“Blue Cross has a strong name in the marketplace, and they will have a higher population with chronic conditions – they have cardiologists on staff, pulnomologists that Zoom wouldn’t have. If I have chronic heart disease, I wouldn’t even choose Zoom. If I’m a normal 40-something or 50-something or beyond, I need medical care from specialists. I go to the Zoom site and don’t see anyone listed that I recognize, and I go for a different plan,” the insider said. “But if I’m a millennial, I pick Zoom, because I don’t have a complex condition, and I can get my needs met there.”
The result for Zoom Health Plan was a far younger and healthier population than nearly any other insurance plan in the state – resulting in very low medical costs that would have automatically triggered a risk-adjustment payment if the plan’s finances were reported correctly, the source said.
To make up for this, Zoom Health Plan paid inflated rates for care to the sister company that ran its clinics, the former insider said.
These clinics, which operate under the Zoom Plus brand, tout their transparent pricing as a key feature for patients. Yet for a service that any walk-in patient would pay $100 for, for example, Zoom Health Plan might transfer $110 or $130 to Zoom Management as compensation, the former employee said.
“A hundred dollar service is now $130 – it’s just a ledger adjustment. In one swoop, you mark the ledger to pay yourself more. Now you technically have a higher dollar amount doing to yourself,” the former employee said. “You can’t do that.”
In addition, Zoom Health hid these higher payments from its patients and its own employees, the source said.
Sending explanations of benefits to insurance members with reimbursement amounts, or displaying financial information on screents that customer service reps might see and speak about, could have revealed Zoom Heallth's activities.
Even though it would be normal to share this information at most insurers, "Dave Sanders said not to do it," the former employee said. "Completely mask it so that nobody would know what we were doing.”
According to Zoom Health Plan’s 2016 financial report to federal insurance regulators, the company collected $4,721,047 in premiums last year, and paid $6,389,435 in medical spending – with about $3,044,214 of that spending on hospital and medical benefits, and $2,631,597 going to other professional services. The company reported a net loss of $4,746,487. It’s not clear how those figures might be revised after state insurance regulators complete their review of the books.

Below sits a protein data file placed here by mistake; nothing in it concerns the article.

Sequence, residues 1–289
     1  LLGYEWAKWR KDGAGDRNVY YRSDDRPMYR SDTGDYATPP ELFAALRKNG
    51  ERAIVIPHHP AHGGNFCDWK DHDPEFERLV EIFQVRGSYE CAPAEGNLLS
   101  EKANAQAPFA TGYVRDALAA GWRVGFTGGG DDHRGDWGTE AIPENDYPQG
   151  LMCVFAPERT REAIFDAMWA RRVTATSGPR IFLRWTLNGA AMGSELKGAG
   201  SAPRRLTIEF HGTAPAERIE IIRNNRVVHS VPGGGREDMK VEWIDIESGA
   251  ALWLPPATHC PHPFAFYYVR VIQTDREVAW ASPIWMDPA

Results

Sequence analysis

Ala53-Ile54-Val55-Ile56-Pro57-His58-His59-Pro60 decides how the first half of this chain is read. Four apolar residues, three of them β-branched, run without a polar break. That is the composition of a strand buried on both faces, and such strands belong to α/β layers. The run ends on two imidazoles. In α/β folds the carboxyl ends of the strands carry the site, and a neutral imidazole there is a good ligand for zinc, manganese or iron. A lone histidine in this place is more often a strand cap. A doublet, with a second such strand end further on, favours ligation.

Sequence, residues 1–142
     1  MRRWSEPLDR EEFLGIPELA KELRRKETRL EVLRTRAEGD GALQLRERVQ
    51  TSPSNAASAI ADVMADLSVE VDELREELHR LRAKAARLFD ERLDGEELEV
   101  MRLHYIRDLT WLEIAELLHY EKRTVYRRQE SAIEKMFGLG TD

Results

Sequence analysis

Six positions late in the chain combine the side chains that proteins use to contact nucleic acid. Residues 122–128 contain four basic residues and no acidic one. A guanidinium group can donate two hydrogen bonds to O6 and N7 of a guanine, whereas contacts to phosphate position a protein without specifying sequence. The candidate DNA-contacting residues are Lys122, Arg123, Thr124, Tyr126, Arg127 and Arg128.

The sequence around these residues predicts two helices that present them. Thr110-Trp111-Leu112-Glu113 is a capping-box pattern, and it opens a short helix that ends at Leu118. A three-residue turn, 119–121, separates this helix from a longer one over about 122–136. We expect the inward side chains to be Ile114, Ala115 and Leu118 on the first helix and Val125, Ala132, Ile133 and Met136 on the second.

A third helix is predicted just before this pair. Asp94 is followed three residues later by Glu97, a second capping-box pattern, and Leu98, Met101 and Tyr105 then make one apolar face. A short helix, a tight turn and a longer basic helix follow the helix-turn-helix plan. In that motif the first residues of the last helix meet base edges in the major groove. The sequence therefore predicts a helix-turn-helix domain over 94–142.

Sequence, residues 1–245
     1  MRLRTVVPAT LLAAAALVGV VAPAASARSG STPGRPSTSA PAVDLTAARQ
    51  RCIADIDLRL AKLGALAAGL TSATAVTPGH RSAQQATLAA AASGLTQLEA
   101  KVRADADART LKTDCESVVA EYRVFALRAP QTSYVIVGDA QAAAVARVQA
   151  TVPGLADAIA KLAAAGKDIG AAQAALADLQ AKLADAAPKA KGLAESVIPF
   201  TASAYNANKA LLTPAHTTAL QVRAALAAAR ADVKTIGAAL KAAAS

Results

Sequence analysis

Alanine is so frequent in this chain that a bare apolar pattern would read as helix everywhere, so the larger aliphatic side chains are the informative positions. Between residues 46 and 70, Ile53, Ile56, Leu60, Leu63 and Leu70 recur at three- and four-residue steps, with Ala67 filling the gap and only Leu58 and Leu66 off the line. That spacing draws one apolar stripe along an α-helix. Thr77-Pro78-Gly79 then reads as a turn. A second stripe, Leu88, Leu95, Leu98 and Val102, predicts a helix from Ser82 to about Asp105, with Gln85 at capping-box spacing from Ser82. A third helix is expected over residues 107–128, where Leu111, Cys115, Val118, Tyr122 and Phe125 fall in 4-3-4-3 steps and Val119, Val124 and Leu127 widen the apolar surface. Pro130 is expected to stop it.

If Zoom Health had accurately reported its medical spending – and thus had been charged a risk-adjustment fee – its capital and financial position would be even more precarious, the former employee said.
For their part, regulators have raised a parallel set of concerns – over a sum very similar to the amount Zoom claims it spent on hospital and medical spending.
“$3 million was supposed to be paid by Zoom Management Inc. to Zoom Health Plan in exchange for a surplus note,” Morawski said. “The lawsuit filed by the state aims to collect this money for the health plan so it can meet its obligations to policyholders.”
In its annual financial statement, Zoom Health said it had capital and surplus of $2.87 million at the end of last year – but because it did not transfer those funds, its capital and surplus was actually negative $126,832, according to the lawsuit filed by the state.
Zoom Health Plan is owned jointly by funds run by venture capital firm Endeavour Capital, which holds a 20 percent stake, and by Sanders and Dr. Albert DiPiero, who split ownership of the remaining 80 percent, according to regulatory filings. Endeavour funds holds 38.2 percent of Zoom Management’s equity, with Sanders and DiPiero each owning about 27.1 percent of the company. DiPiero and Sanders each hold 50 percent of ZoomCare P.C.
Several insiders said that across the companies – especially Zoom Health and Zoom Management – finances have been tight for a number of months, with as many as 100 or more employees laid off, and some commissions or bonuses not paid.
Reach Courtney Sherwood at [email protected].